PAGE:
On June 1, 2011, the Department of Education released details for a new process for demonstrating the extent to which certificate programs prepare students for gainful employment* in a recognized occupation. IU must be able to defend its assertion that this is true when requesting that a non-degree program be eligible for federal aid. IU follows this method to ensure each program is rigorously evaluated prior to any request for financial aid eligibility.
* According to the Department of Education, a program leads to gainful employment if estimated annual loan payments of typical graduates do not exceed 20 percent of discretionary income or 8 percent of total earnings. Programs that exceed these levels would be at risk of losing their ability to participate in taxpayer-funded federal student aid programs.
The following information, if required, is to be submitted using the IU Certificate Proposal Form.
Financial Aid Eligiblity Rules pertaining to “Gainful Employment” require that campuses demonstrate that a program prepares students for credible vocational fields in order to be considered for Title IV student aid programs.
- The requestor must indicate if the certificate is for a vocational education program that prepares completers for gainful employment in a recognized occupation; otherwise, this program cannot be considered for aid eligibility.
- If the certificate program prepares completers for gainful employment in a recognized occupation, the requestor should provide a Standard Occupation Code (SOC). If none is provided, the proposed certificate program is ‘not eligible.’
- If the program is presented as eligible for financial aid, the requestor must attach a completed Notice of Intent to Offer a Gainful Employment Program, to include:
- Institution Name
- OPEID (campus Federal Identification Code)
- Program Name(s) and Program CIP Code(s) supported by this documentation
- Narrative description of how the institution determined the need for the program. For example, describe what need this program will address and how the institution became aware of that need. If the program is replacing a current program(s), identify the current program(s) being replaced by the new program(s) and provide details describing the benefits of the new program(s). If the program will be offered in connection with, or in response to, an initiative by a governmental entity, provide details of that initiative. The institution must retain documents that support this description for review or submission to the Department upon request.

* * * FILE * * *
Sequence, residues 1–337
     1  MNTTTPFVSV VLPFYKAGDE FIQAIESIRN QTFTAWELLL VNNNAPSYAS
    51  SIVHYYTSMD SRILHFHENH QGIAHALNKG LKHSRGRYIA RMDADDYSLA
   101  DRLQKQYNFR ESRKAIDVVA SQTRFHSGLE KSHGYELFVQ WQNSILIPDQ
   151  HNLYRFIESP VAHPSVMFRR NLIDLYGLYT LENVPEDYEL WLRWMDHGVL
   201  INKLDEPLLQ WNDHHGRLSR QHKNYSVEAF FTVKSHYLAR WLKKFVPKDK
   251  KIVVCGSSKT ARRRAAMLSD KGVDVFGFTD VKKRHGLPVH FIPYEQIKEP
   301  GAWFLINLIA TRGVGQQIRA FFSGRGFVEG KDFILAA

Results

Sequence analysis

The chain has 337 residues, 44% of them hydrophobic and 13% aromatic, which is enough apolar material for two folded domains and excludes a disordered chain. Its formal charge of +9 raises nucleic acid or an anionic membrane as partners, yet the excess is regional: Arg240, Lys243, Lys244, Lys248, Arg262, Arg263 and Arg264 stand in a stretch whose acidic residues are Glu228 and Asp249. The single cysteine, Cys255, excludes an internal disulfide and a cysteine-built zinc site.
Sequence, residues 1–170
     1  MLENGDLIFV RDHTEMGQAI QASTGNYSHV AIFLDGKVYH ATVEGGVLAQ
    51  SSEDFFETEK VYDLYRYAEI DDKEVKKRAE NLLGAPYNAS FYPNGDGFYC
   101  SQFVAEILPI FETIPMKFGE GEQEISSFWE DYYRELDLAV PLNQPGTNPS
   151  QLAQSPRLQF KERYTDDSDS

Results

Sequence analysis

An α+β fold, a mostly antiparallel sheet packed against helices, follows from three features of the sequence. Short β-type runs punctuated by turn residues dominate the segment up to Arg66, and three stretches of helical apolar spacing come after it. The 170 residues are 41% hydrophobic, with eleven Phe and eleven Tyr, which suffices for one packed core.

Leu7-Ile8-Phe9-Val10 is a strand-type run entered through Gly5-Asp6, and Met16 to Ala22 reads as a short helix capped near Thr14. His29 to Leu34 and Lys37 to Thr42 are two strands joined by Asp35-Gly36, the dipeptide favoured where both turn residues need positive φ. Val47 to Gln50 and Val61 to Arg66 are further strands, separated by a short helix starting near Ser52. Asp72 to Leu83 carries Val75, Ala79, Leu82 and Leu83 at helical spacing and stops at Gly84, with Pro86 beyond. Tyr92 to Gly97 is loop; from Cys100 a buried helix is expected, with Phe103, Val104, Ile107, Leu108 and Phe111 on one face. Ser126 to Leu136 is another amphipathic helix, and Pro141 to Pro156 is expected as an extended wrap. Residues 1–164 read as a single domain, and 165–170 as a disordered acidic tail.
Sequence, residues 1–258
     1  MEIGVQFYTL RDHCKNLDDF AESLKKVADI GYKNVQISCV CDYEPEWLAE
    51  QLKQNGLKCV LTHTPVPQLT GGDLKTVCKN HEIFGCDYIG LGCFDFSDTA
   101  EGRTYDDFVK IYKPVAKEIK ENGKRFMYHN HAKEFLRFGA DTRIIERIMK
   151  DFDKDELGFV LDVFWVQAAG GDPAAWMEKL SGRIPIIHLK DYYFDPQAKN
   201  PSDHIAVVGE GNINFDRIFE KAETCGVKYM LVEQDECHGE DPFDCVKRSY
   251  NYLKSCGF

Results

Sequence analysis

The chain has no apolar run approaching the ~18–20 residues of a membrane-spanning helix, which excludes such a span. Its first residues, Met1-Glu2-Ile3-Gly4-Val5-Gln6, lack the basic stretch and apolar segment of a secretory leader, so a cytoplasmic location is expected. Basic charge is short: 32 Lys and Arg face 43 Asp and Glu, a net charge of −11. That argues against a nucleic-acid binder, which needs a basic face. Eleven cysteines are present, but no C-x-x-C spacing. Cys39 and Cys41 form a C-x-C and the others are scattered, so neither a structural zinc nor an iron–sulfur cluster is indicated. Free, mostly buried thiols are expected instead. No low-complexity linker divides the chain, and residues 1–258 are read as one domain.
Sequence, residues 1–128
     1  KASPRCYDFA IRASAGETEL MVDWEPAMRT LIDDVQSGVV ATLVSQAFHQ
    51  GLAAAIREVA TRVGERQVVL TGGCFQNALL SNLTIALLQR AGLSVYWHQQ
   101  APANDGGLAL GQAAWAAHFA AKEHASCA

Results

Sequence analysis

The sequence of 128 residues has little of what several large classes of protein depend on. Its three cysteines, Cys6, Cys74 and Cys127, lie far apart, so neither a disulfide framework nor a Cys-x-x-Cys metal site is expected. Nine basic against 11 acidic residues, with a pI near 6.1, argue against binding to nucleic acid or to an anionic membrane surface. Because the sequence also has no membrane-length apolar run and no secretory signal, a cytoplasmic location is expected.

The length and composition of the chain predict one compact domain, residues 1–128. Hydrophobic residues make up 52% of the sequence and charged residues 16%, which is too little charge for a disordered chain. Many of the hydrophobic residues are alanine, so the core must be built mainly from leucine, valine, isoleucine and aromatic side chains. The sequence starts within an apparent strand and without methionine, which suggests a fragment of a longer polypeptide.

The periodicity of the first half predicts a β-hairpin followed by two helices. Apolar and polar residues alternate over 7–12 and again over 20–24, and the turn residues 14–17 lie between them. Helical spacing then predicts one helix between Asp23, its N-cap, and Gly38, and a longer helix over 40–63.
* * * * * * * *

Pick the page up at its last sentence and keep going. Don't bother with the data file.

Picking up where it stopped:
- Narrative description of how the program was designed to meet local market needs, or for an online program, regional or national market needs. For example, indicate if Bureau of Labor Statistics data or State labor data systems information was used, and/or if State, regional, or local workforce agencies were consulted. Include how the course content, program length, academic level, admission requirements, and prerequisites were decided, including information received from potential employers about course content, and information regarding the target students and employers. The institution must retain copies of documents and its analysis for review and submission to the Department upon request.
- Narrative description of any wage analysis the institution may have performed, including any consideration of Bureau of Labor Statistics wage data related to the new program. The institution must retain copies of analysis documents for review and submission to the Department upon request.
- Narrative description of how the program was reviewed or approved by, or developed in conjunction with, one or more of the following:
- Business advisory committees
- Program integrity boards
- Public or private oversight or regulatory agencies (not including the state licensing /authorization agency and accrediting agency)
- Businesses that would likely employ graduates of the program
- Date of the first day of class. Include both the first day the program was or will be offered by the institution, and the day you would like to begin disbursing Title IV funds to students enrolled in the program.
- For example, describe the steps taken to develop the program, identify when and with whom discussions were held, provide relevant details of any proposals or correspondence generated, and/or describe any process used to evaluate the program. The institution must retain, for review and submission to the Department upon request, copies of meeting minutes, correspondence, proposals, or other documentation to support the development, review, and/or approval of the program.